The court also entertained the possibility that its conclusion might be wrong and discussed the possible technical contribution of a hypothetical computer program claim. Referring to the case law in Halliburton and Protecting Kids, the court found that producing and moving files meets certain criteria, even though they may not be technical. Nevertheless, the ANN was found to have ‘gone about its analysis and selection in a technical way’. Particularly, identifying a file as semantically similar to another by applying technical criteria which the system has worked out for itself was found to be a technical effect outside the computer (§76). This technical effect was said to preclude the application of the exclusion.

Finally, the court addressed obiter dictum the mathematical method exclusion under section 1(2)(a) Patents Act 1977. The court seemingly subscribed to the view that while ANNs and their training methods per se are no more than an abstract mathematical algorithm, the specific application (eg, a file recommendation engine) was enough the dispense with the mathematical method as an objection. (§81-82).


This decision was welcomed as the dawning of a new era for AI-related inventions. However, the court’s take on the nature of neural networks and the technical contribution of the invention, if followed, could have adverse implications in future cases.

First, the functional view of a computer is problematic because it departs from established concepts in the field of computer science (e.g., the stored-program computer or the universal algorithm). The court’s finding that the hardware implementation of an ANN is a computer is correct, but the reasoning, which focuses mostly on the fact that the machine is processing data (§40), is not. Whether the neural network is implemented on hardware or emulated in software does not change the nature of what it does, i.e., computations based on mathematical operations. The interaction between a general-purpose computer and a program running on it sets the standard of ‘normal’ physical interactions. This standard is used as a benchmark under both the examination approach of the EPO and the AT&T signposts in the UK to determine whether the execution of a computer program produces further technical effects. Precise use of these concepts is therefore essential to properly assess a computer program’s technical contribution.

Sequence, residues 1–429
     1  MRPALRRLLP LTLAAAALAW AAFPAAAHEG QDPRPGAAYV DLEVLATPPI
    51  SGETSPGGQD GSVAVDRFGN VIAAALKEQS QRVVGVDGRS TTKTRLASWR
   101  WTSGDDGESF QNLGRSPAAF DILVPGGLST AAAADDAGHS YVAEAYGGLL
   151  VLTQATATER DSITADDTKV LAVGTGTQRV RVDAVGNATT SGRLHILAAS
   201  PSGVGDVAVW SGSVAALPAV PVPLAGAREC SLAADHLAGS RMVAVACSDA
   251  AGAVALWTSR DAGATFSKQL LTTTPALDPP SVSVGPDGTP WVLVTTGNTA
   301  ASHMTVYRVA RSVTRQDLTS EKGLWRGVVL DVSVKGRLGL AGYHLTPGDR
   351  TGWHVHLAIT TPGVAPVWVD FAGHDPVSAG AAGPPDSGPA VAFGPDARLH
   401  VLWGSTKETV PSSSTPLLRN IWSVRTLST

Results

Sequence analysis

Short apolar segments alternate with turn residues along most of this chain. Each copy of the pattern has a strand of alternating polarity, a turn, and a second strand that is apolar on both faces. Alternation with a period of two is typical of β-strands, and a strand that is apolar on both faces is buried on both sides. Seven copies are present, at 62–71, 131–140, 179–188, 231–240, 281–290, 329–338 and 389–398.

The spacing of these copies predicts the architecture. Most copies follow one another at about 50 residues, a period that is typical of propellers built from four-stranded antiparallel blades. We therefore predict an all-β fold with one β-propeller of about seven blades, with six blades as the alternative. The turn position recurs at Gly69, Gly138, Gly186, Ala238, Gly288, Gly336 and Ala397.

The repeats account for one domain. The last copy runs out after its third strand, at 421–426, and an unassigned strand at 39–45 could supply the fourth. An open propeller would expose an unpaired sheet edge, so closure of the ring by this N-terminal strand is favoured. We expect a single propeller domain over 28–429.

Second, the argument that ANNs implemented in software are ‘emulated’ hardware ANNs is not convincing. The difference between hardware and software-implemented ANNs lies in the underlying architectures used for the computations. In T 0702/20, the EPO Board of Appeal underscored that ANNs relate to both computer programs and mathematical methods and that they operate according to the pro­gramming of their structure and learning scheme (r.10). To reason about the nature of ANNs solely by analogy with hardware implementations is risky. By way of example, one may rely on this to argue that any computer-implemented simulation of a technical system is also technical – a view explicitly rejected by the EPO in G1/19 (r.120).

Third, limiting the activity of programming to only those steps where a person gives a set of instructions to a computer to perform a task is not supported by actual practice. As the Hearing Officer noted, an ANN operates within the boundaries of the problem and the training approach defined by the programmer (§61-62 Decision, cited in §45-46 judgment). The learning process involves fully automated steps, but this is simply a feature of the algorithm that is still ultimately executed on a computer as a result of deliberate programming. The nature of the activity is not changed by the fact that the output is a trained neural network and not directly executable architecture-specific object code.


In the wake of the judgment, the UKIPO was quick to adapt its statutory guidance on the examination of patent applications involving ANNs. Under this new guidance, examiners should no longer object to inventions involving ANNs under the ‘program for a computer’ exclusion. This practice would likely to come at odds with the EPO approach to neural networks as involving both computer programs and mathematical methods. Finally, it is hard to imagine an EPO examiner recognising a technical effect in moving semantically similar files. Although it is too early to say, this judgment seemingly departs from the ‘problem-solution’ approach in assessing inventive step, increasing thereby the risk of fragmentation to the detriment of applicants and patent offices alike.


To make sure you do not miss out on regular updates from the Kluwer Patent Blog, please subscribe here.

Kluwer IP Law

The 2022 Future Ready Lawyer survey showed that 79% of lawyers think that the importance of legal technology will increase for next year. With Kluwer IP Law you can navigate the increasingly global practice of IP law with specialized, local and cross-border information and tools from every preferred location. Are you, as an IP professional, ready for the future?

Learn how Kluwer IP Law can support you.

Kluwer IP Law
This page as PDF

One comment

  1. “while ANNs and their training methods per se are no more than an abstract mathematical algorithm, the specific application (eg, a file recommendation engine) was enough the dispense with the mathematical method as an objection.”

    Does not compile in my compiler.

    The patent community has found another loophole to extend software patents to AI now. Without changing the law, just abusing the “as such” and “technical effect” one more time.

Comments are closed.